As with any field, librarians have their own jargon that works as a convenient shorthand when we talk among ourselves. Terms like "bibliographic instruction" and "integrated library system" can be confusing and off-putting to the general public even if they benefit from the underlying concepts. Case in point: federated searching. In lay person's terms, this means searching across multiple databases simultaneous. While searching a single database is great when you know exactly what you are searching for, federated searching is ideal when your needs are more vague, especially when you are starting your research.
Here are examples of the value of federated searching from two different reference questions we received yesterday. The first was for a copy of journal article for which the person only provided the article title, not the journal name, author or any other publication information. From our E-Resources page, I clicked on "Search Articles & More." We currently have two different versions, one that we are in the process of phasing out and a new one that is still receiving its final spit and polish, but both work. I selected all databases and searched for the title surrounded by quotation marks so that it would be searched as an exact phrase. I was able to find the full text of the article in JSTOR and provide a full citation. Without federated search, the ability the search across multiple databases simultaneously, I would have had to perform the same search over and over while trying to guess, based on the subject matter implied by the title and the coverage of each database, where I might find it.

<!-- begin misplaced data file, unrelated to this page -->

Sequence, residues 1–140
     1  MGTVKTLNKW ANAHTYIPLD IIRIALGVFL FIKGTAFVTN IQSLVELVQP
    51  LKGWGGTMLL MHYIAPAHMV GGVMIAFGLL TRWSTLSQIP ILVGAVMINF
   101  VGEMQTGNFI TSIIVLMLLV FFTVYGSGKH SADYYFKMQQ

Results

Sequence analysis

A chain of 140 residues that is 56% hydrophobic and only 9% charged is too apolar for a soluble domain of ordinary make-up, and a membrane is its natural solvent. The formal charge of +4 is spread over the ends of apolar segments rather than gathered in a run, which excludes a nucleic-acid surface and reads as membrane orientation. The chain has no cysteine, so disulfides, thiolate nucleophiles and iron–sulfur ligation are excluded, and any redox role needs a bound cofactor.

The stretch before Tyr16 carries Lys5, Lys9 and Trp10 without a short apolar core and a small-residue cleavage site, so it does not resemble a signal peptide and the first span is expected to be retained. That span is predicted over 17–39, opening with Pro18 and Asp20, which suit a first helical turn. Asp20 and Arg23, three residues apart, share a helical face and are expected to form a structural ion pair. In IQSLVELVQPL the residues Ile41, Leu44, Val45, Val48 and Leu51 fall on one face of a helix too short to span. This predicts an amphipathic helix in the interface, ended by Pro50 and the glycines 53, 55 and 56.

Another person wanted an audio example of an unusual musical instrument. For this, I started at our Streaming Audio page went to Music Online. (If you are accessing this from off campus, you need to go through our web site to be authenticated as a Berklee user). Music Online is the the federated search tool for the wide variety of streaming music databases provided by Alexander St. Press. While I found text descriptions of the instrument in the Garland Encyclopedia of World Music, I found a streaming audio track demonstrating the instrument in a different database, Contemporary World Music.
The term "federated searching" may sound like trying to locate potential members for labor unions, but it is really a helpful tool to speed up your research. Even better, the library provides these tools without requiring you to remember what we call them.